Neighborhood groups in Indiana increasingly move to limit rental properties, forcing some buyers to put homes back on the market; restrictions include residency requirements, limiting number of homes in neighborhood that can be rented

GREENWOOD, Indiana , November 2, 2013 () – Indiana neighborhood groups crack down on rental properties amid investor purchases

Neighborhood groups across Indiana are placing limits on rental properties after a wave of purchases by investors in the past year, forcing some of the buyers to put the houses back on the market. Companies like American Homes 4 Rent have been snatching up vacant houses, contributing to a 19 percent increase in sales of existing homes over the past year. But the investors are increasingly running into issues with homeowners associations worried about the impact of rentals.

Indianapolis attorney Scott Tanner said many associations are banning or restricting rental homes because of fear that renters don't have as much invested in a neighborhood and won't take care of properties, which could cause home values to decline.

Restrictions can include banning rentals except in cases of financial hardship, requiring people to live in the houses for two to five years before using them as rentals and limiting the number of houses in a neighborhood that can be rented.

Tanner told the Daily Journal (http://bit.ly/17WuBzV ) he has worked with about 20 homeowners associations this year to write new rules limiting rentals.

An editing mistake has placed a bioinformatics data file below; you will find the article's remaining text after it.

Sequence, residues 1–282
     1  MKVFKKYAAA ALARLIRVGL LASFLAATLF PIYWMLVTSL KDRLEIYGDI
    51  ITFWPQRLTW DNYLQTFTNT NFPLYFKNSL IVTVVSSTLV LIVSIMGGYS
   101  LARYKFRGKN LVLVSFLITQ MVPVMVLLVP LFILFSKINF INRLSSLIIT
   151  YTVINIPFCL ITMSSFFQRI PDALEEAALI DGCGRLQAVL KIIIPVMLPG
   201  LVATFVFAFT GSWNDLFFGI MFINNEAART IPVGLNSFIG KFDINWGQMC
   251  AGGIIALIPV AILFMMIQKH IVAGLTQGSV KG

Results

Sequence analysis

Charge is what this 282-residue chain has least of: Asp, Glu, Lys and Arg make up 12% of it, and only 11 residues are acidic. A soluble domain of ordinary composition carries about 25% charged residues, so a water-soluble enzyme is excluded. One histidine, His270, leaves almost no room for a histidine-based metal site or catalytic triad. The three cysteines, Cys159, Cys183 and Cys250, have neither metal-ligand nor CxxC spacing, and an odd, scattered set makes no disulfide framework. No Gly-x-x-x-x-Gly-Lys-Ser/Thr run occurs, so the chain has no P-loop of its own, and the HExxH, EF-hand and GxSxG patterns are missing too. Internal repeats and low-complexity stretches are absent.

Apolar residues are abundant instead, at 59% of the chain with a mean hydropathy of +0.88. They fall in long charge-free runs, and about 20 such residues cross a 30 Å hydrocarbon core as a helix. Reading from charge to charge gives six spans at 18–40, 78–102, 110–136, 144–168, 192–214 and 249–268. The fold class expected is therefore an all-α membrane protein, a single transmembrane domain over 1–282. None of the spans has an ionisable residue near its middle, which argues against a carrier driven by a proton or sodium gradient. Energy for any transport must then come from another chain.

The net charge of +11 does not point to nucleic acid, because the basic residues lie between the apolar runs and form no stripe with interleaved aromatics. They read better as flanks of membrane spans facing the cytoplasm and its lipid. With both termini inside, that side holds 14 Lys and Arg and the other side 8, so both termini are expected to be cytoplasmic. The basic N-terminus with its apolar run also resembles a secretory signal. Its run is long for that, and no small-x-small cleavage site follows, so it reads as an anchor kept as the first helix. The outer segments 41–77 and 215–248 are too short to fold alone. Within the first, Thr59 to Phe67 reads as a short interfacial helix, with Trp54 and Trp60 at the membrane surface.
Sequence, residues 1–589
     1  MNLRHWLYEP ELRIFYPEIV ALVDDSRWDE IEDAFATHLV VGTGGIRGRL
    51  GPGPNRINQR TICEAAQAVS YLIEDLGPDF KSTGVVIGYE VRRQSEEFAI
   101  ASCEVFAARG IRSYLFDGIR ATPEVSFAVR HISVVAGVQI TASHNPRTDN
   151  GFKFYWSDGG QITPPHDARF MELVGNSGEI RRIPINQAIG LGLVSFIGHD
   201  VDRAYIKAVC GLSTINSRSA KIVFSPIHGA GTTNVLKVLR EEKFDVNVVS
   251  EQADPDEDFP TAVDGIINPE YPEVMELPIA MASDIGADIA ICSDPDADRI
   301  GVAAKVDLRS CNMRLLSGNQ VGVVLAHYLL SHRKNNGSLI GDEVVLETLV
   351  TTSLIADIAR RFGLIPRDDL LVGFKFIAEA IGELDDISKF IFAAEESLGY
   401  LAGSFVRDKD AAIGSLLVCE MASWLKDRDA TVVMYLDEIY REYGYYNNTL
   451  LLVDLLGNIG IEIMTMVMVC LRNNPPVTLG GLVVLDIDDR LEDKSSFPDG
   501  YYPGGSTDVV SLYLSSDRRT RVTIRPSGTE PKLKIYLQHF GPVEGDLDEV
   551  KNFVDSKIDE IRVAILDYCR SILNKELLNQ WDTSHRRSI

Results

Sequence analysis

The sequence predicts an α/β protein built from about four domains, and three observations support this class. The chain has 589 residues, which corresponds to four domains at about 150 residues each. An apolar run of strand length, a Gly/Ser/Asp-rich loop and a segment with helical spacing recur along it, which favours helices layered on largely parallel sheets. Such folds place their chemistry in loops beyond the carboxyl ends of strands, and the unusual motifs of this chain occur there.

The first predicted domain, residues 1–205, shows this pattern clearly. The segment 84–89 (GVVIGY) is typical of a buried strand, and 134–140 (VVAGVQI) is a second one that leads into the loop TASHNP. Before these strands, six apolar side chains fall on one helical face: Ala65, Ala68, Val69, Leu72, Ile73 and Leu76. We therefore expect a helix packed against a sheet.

"I'm getting a lot of work out of it because people are trying to stop this before it gets way too out of hand," he said.

In some cases, investors have put a house back on the market after learning of association restrictions on rentals. That happened in The Pines of Greenwood, where American Homes 4 Rent bought a house in October 2012 but now has it back on the market.

Chief operating officer Jack Corrigan said the company doesn't research every homeowners association's rules before buying because it's cheaper and more efficient to purchase houses while prices are low. If the company later learns a neighborhood restricts rental properties, American Homes 4 Rent avoids buying there in the future, he said.

"Because we've made money most of the time selling them, it hasn't been that problematic for us. It's a good business when you can make an error and make money at it," Corrigan said.

Corrigan said that only 100 to 150 of the approximately 22,000 homes the company has bought nationwide have had to be resold.

But Tanner said the California-based company's purchase of 1,800 properties in central Indiana has "gotten people's attention and gotten reactions."

Some homeowners associations say it's better to have rental properties than foreclosed and empty houses, which often aren't maintained and can require the homeowners association to handle trash removal and mowing until a bank takes over the property. In Franklin's Heritage subdivision, about a third of 460 houses are rental properties, homeowners association president Tim Hubbard said.

"As long as things are being maintained and taken care of, I don't see why the board needs to get involved," Hubbard said.

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Information from: Daily Journal, http://www.dailyjournal.net

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